WINDHOEK – The corruption trial of businessman Antoine ‘Tony’ Mbok, 38, and his co-accused Daniel David Nghiwilepo, 40, finally got off the ground yesterday.
Both the accused pleaded not guilty to 10 charges of corruption and money laundering, in the Windhoek High Court before Judge Nate Ndauendapo.
Mbok, his corporation MFinance and his co-accused Nghiwilepo, face charges of fraud involving N$3.9 million.
MFinance is a duly registered Namibian company with Mbok as its sole director.
Mbok is the first and second accused in his capacity as the director of MFinance and Nghiwilepo the third accused.
A summary of substantial facts contained in the charge sheet have it that the two men in cahoots with a registry clerk at the Ministry of Finance, 39-year-old Veronika Kituna Thomas, defrauded several Namibian businesses and government agencies of up to N$3.9 million in valued-added tax (VAT) and returns for import VAT.
Thomas already pleaded guilty to five counts of corruptly using her office at the Ministry of Finance and her position for self-gratification at the start of the trial before High Court Judge Alfred Siboleka on February 10, 2012 and was sentenced to an effective eight years imprisonment.
After Thomas’ guilty plea her trial was separated from that of Mbok, his company MFinance and Nghiwilepo.
The State alleges that between January 25, 2010 and February 18, 2010, five cheques destined for the account of the Ministry of Finance were intercepted and deposited into the company’s account.
The affected companies and entities in the alleged fraud are GS Fainsinger and Associates in the amount of N$121 212.42 for VAT; the Ministry of Health and Social Services/Global Fund in the amount of N$228 494.61 for employees tax; another cheque for employees tax for the amount of N$62 905.13 allegedly made it into the coffers of MFinance, this time from Edu-Loan (now Letshego Financial Services Namibia) instead of the Ministry of Finance; while Kalahari Sands Hotel and Casino was allegedly the fourth victim when a cheque for the amount of N$202 530.08 for employees tax was paid into the account of MFinance at Standard Bank Namibia, account no. 241611377, according to the indictment.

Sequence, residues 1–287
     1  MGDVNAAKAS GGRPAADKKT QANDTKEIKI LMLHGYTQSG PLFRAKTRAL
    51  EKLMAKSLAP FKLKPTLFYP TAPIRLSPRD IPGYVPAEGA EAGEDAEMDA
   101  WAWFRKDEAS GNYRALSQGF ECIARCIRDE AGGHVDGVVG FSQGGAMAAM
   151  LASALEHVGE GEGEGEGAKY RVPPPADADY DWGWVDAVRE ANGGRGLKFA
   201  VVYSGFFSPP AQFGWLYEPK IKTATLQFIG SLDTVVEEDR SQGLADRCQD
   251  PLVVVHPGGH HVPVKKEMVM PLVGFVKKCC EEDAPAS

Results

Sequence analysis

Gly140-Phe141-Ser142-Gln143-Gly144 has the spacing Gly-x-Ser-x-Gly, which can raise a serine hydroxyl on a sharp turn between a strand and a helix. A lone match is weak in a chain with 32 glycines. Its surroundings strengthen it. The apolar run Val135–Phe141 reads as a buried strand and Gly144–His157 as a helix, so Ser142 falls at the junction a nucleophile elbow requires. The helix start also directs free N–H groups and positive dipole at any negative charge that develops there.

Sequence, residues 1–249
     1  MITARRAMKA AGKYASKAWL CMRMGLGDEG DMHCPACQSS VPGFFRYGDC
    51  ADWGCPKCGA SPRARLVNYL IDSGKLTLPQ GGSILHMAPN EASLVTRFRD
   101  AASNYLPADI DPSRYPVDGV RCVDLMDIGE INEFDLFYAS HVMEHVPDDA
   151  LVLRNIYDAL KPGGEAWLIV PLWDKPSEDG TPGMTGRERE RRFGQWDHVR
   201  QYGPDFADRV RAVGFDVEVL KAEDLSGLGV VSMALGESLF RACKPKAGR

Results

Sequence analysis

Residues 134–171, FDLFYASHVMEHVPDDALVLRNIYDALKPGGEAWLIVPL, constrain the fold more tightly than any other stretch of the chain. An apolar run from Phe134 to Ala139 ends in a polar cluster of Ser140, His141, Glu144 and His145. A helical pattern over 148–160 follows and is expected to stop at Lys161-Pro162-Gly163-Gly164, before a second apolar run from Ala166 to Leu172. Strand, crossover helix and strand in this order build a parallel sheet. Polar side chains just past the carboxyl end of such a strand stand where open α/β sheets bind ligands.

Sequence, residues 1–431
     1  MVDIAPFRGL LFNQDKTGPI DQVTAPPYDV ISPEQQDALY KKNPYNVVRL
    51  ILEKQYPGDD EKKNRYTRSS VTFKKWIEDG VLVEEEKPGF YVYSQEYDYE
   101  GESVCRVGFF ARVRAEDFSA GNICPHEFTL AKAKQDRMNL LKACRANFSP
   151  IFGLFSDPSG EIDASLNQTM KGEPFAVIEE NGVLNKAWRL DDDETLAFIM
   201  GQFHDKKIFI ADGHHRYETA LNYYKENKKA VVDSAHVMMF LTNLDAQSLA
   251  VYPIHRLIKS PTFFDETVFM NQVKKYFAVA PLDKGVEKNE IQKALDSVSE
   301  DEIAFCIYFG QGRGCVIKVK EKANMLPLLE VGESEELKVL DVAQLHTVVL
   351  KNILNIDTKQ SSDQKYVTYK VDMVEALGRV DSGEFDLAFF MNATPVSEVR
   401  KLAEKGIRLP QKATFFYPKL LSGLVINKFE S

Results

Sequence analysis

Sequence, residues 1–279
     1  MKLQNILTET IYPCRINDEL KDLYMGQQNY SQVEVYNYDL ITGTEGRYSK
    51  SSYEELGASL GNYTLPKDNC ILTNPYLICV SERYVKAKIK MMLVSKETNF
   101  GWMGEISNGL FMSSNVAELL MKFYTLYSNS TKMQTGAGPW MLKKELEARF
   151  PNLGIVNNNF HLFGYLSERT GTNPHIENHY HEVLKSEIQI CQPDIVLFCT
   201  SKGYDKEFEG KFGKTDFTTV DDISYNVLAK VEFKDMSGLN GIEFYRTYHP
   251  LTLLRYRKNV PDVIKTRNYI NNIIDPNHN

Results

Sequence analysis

Another victim of the alleged fraud was Afrisam Cement, which was defrauded of N$71 million allegedly by Esmerelda Madjiedt, for N$3.3 million meant as payment for VAT.
In plea explanations handed to the court by defence counsel Bronell Uirab for Mbok and his company and senior counsel Louis Botes assisted by Boris ‘The Mouth’ Isaacks for Nghiwilepo, they denied any wrongdoing.
Mbok denied he knew the money deposited into the bank account of MFinance was meant for the Ministry of Finance or that it was stolen money.
He said he had a business transaction with Chinam Investment and Trading in which he acted as an intermediary for Rafael Limitada Angolan Goldmine for the sale of alluvial gold powder and was supposed to be paid US$599 200 (approximately N$4 million at the time).
Mbok maintains he had a reasonable belief that the money paid into his bank account emanated from this transaction.
Nghiwilepo also denied any knowledge of the stolen cheques.
He said Mbok paid N$25 000 into his account in February 2010 which was a repayment for a loan he made to Mbok.
He admitted knowing Thomas, adding that they met in exile.
The matter has been postponed to Thursday for the State represented by Shakwa Nyambe to sort out issues with court records from the bail hearing which the defence need to prepare their case.